"It's the equivalent to every dimension in existence.  The coordinates of each dimension are written in each of the triangles.  If you look closely, you'll see that square tiles make up the entirety of this tower.  Each square holds two coordinates, as it should be obvious that two triangles make a square."

  "There must be thousands of them," Billy said.

  "Nine-million to be exact."

  "Nine-million?" Billy asked, "But this tower doesn't look like it has nine-million thingies."

  "Oh, no, us travelers can't remember all those coordinates.  There's more than one of these pillars around the courtyard.  This one stands here because these dimensions are harmless or, as we call them, with minimal infestations of the poisoned ones. They've all heard of vampires, though. It still is a measure of surprise to me that you haven't. Are you sure no one found vampires on your earth?  Even remotely?"

  "Not that I've heard of," Billy said. "But then, I didn't get out much."

  "No matter. The council of elders will sort it out during the questioning."
  The officer waved at his car where he'd parked it on the curve and it vanished.

  "Don't ask," he said, "It's a thing we can do but you need to be taught." 

  Billy sighed.  Well, if he could open a dimension at will, he could guess where the car was. "You sent it to another dimension."

  The man stopped walking along the stone path witch grass on all sides.  Even the area was a measure of big grass squares.  "Good observation," he said.  "Perhaps you already know more than you let on.  Come on then, let's hurry at a brisk jog."


  "Call it part of your training," the officer said, pausing at his last word to inspect him up and down.  Billy guessed that it was another joke at his weight.  It could be a joke directed at his age but he doubted that much.  He said that Billy would go directly to training.  Did they have that kind of time?  Billy had a problem with how to get back to his own time.  What was he going to do?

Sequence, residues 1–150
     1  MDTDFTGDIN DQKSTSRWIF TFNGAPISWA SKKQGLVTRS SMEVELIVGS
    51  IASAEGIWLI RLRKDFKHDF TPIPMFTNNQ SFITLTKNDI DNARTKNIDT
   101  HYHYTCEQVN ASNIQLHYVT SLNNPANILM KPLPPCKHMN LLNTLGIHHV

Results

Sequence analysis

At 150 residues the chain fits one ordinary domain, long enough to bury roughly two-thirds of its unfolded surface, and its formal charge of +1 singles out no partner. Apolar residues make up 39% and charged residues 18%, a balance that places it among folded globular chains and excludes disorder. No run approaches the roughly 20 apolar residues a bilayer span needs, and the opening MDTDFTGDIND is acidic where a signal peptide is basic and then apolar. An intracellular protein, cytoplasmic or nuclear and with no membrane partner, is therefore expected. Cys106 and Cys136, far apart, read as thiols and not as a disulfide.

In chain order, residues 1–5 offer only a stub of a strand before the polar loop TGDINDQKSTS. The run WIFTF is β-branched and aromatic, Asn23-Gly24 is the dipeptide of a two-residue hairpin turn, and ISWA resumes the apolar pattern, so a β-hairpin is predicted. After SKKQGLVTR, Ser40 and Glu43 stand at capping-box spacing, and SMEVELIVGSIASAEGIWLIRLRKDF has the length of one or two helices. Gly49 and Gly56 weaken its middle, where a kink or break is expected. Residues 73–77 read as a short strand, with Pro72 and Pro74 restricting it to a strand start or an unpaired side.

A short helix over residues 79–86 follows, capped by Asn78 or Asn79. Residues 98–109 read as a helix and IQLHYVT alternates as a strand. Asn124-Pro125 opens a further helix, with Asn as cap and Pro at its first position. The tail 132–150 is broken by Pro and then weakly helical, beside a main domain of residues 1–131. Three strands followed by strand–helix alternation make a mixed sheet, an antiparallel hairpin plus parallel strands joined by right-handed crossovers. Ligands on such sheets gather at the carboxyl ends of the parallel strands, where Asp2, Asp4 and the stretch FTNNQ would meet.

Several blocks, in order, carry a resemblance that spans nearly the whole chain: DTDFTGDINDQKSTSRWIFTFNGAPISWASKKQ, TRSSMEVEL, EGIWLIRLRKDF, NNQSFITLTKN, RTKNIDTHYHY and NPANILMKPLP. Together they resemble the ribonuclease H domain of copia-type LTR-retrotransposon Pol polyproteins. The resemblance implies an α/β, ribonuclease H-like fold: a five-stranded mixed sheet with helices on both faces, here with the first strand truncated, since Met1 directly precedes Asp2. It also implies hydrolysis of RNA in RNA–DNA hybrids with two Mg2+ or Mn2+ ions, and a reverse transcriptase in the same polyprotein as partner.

They began to jog forward.  Ahead, Billy saw multiple buildings, all square-shaped but some of the buildings were surrounded by big towers.  A bridge was above them fifty feet in the air.  It was an overhead walkway that shadowed them.  How did the grass even grow without the sunlight? It was yet another mystery of this earth Billy had to get used to.  As they walked underneath the bridge he saw the walls on either side of them that was connected to it.  Big stone walls, about twelve feet in the air that were curved downward from where the wall was in a / shape and then straightened out at a height of about ten feet until the end of the walkway where a set of stairs met them.  The stairs led to the buildings and towers all white and shiny in the darkness. It was so chilly that Billy was glad to jog, even if he had just been through enough running for a lifetime.  Billy checked his ear.  It still hurt but not that much.

  Another problem was Simon.  Where had they taken him? The officer had said not to worry and this seemed like a good idea, considering the alternative had been dealing with a gang of bullies set out on exacting years of revenge on both of them.

  The building where they stopped had a five foot door shaped like an arc.  Guards dressed in all white and with white hats like the milkman that opened door stood on either side of the arc.  These had on black utility belts and had a foot-long stick in their hands.  They pointed these up and a light came out of the ends as they approached.  "Don't blind me, Greg!"

  "Sorry, sir," the guard said to the officer.

  "James," the man said, "My name is James."

  James hurried into the arc still jogging.  They hadn't even slowed down at the stairs which was tricky for Billy. He almost tripped.  The guards put down their sticks and the lights were gone.  Inside, the hallway was lit but just barely.  The walls were colored beige and the doors a sickly-looking dark-brown that almost made them look like they were still part of the tree.  The doors had lines across them, check off with a black X.  Some didn't have the X on them.  They had, instead, a check mark or an O.  These doors were on either side of the hall way spaced about two or three inches apart and the hallway extended fifty yards ahead. 

  At the end of the hallway was another arc with more guards.  These were so tightly enclosed that they stood one in front of the other or else no one would be able to pass through the arch without having to shove each other aside.  The hallway broke after this arch into a large room. 

  When they passed all the doors, they entered a room sort-of like a courtroom but with a large number of stadium like seats on the walls themselves.  They looked like big couches popping out of the walls.  They were all at the termination of the jog.  A wooden wall about three feet high stopped the jog.  James came up in front of the wall and stopped short.